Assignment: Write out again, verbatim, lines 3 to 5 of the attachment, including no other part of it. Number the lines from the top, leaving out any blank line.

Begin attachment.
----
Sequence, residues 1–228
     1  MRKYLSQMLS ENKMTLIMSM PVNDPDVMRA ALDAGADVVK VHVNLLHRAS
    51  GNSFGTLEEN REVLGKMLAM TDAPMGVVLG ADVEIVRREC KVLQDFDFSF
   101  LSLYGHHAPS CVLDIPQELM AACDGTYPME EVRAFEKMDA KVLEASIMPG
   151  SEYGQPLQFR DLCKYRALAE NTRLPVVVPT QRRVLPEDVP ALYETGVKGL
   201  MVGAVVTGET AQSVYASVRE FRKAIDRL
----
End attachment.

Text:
    51  GNSFGTLEEN REVLGKMLAM TDAPMGVVLG ADVEIVRREC KVLQDFDFSF
   101  LSLYGHHAPS CVLDIPQELM AACDGTYPME EVRAFEKMDA KVLEASIMPG
   151  SEYGQPLQFR DLCKYRALAE NTRLPVVVPT QRRVLPEDVP ALYETGVKGL